Figuring Out Hyper Connectivity

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The NY Times' Thomas Friedman's August 14 column looks at the parallel upheavals of the London riots, Arab spring, tea party anger, and young people mobilizing around the world against government austerity measures. He asks:

"Why now? It starts with the fact that globalization and the information technology revolution have gone to a whole new level. Thanks to cloud computing, robotics, 3G wireless connectivity, Skype, Facebook, Google, LinkedIn, Twitter, the iPad, and cheap Internet-enabled smartphones, the world has gone from connected to hyper-connected.This is the single most important trend in the world today."

Let's repeat that last bit: Hyper connectivity is the single most important trend in today's world. That's quite a statement. But one that is arguably justifiable when you look at the innumerable ways in which communications technologies are changing so many facets of life, and opening new possibiliities across the social and business spectrum.

For a company like ours that deeply inhabits the connected world this is obviously validation of the importance of the technologies we work with day to day. But it's also a reminder that these technologies can be seen as both beneficial or harmful, empowering or dangerous, depending on one's circumstances.

For example, in February, Libya shut down Internet access to the country in an attempt to prevent protesters organizing. Civil rights groups complained about suppression of free speech. The same rights groups comlained last week when my local subway (BART) in San Francisco shut down cellphone access in its stations to pre-emptively prevent protesters organizing after BART police shot a homeless man. Obviously there's a big difference in scale between these events, but it shows how central communications technologies have become to social movements of all types, and how the responses of worried authorities can be very similar even in very different contexts.

The flash mobs that rioted in London (where I grew up) last week were coordinated - so to speak - by text messages, Facebook and Twitter. The BlackBerry Messenger service appears to have played a key role because of its higher level of encryption and privacy (which is why several countries have tried to get RIM to provide them back doors so they can read the messages). There has been much outcry after the London riots, yet it was the same technologies that helped fuel Tahrir Square and the overthrow of dictator Hosni Mubarak, who is currently in a cage in an Egyptian courtroom on trial for crimes against humanity.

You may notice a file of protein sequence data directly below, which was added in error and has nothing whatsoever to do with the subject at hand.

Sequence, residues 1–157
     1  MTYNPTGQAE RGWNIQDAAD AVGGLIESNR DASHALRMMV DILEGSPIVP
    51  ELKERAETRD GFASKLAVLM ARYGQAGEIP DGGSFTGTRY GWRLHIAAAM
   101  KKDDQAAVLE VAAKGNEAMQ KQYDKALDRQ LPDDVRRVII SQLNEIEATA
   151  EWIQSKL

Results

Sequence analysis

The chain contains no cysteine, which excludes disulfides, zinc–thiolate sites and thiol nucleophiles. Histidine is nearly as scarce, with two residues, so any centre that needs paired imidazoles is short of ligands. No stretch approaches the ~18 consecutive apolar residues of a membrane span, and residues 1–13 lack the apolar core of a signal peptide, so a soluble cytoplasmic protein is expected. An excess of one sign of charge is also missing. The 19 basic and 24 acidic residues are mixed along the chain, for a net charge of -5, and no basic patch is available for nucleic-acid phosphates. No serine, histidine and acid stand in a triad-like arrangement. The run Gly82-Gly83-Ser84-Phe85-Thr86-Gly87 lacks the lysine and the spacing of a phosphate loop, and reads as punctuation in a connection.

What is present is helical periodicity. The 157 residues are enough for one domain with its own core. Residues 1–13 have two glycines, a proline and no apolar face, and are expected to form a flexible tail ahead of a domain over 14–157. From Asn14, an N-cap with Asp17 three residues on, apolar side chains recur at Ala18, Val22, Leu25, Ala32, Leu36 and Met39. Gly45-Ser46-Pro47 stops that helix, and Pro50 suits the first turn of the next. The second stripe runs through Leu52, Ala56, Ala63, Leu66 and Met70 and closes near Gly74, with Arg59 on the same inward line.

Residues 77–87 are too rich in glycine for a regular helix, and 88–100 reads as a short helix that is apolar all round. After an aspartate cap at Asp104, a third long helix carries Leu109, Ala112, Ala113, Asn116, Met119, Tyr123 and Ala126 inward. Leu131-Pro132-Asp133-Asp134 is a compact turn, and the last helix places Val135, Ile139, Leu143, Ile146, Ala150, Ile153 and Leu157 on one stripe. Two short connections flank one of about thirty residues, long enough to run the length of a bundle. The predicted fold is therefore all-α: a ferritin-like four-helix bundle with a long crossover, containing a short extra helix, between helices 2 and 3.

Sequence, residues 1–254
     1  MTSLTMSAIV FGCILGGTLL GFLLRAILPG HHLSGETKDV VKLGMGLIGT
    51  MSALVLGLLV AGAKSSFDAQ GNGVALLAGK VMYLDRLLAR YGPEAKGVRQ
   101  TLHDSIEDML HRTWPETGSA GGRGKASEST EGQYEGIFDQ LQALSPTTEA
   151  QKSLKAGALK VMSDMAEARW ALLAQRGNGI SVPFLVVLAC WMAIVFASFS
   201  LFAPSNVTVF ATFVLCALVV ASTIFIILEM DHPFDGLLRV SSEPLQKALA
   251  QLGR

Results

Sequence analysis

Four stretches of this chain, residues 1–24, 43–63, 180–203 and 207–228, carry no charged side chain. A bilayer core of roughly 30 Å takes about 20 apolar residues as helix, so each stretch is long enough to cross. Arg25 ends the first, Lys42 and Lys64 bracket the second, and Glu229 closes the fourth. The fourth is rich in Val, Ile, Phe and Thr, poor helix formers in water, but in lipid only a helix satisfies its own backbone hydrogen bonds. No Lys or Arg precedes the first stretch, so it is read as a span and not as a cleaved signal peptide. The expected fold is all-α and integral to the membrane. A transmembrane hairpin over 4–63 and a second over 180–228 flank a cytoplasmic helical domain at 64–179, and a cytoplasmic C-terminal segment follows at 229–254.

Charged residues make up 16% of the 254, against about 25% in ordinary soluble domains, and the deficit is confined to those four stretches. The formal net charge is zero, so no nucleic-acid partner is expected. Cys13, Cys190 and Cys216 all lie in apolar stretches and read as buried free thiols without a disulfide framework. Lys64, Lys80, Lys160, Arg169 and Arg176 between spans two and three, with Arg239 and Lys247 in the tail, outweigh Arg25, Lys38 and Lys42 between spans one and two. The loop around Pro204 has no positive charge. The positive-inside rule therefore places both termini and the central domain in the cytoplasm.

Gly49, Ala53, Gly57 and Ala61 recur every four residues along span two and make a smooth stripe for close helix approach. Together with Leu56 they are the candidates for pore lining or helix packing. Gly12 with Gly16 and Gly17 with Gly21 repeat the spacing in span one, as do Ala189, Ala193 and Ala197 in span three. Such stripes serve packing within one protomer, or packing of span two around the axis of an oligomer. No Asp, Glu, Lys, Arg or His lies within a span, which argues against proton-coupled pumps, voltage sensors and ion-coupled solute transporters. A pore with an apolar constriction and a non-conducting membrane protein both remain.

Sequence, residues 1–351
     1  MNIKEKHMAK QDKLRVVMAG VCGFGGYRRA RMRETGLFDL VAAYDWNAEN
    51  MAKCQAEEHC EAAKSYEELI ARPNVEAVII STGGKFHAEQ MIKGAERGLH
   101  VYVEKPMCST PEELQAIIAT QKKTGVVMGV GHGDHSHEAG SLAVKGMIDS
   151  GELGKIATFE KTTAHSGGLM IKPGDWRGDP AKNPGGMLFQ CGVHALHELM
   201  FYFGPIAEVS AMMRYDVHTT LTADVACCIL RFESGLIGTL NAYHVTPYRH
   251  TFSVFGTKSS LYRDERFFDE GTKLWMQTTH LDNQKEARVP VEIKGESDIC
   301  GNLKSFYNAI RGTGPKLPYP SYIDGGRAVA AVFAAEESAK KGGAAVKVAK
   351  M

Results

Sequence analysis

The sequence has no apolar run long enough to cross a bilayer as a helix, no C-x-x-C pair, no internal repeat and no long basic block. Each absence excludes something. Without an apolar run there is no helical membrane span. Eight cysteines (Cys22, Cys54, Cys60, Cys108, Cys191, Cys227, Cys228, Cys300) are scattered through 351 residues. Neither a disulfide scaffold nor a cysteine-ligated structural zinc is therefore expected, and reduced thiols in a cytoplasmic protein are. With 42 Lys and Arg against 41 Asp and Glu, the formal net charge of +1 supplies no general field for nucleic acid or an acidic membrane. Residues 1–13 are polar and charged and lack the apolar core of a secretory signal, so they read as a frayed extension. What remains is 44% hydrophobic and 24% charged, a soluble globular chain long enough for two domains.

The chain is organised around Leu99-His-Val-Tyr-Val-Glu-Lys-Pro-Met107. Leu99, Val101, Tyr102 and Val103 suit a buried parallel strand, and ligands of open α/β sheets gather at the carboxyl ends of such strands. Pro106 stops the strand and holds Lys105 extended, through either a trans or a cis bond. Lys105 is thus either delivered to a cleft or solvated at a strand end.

But then after the London riots, the same connecting technologies started to be used to catch the rioters. The police created a Flickr page with photos from the security cameras that blanket the city (picture above), and residents spontaneously organized clean-up efforts on Twitter with the tag #riotcleanup.

Allowing people and cultures to connect together more easily is a good thing to do. Shared communication is how progress is made (see recent events in Washington DC for what happens when communication stops and common ground gets lost). As Friedman says, the trends being fueled by communications technologies are not going away, and hyper-connectivity is going to continue to be a reality that changes how we live in numerous other ways, large and small. But we are in a period of still figuring out what all these changes mean, and what the ground rules are for how we - as individuals, societies, companies, and governments - now behave with the new capabilities these technologies give us.

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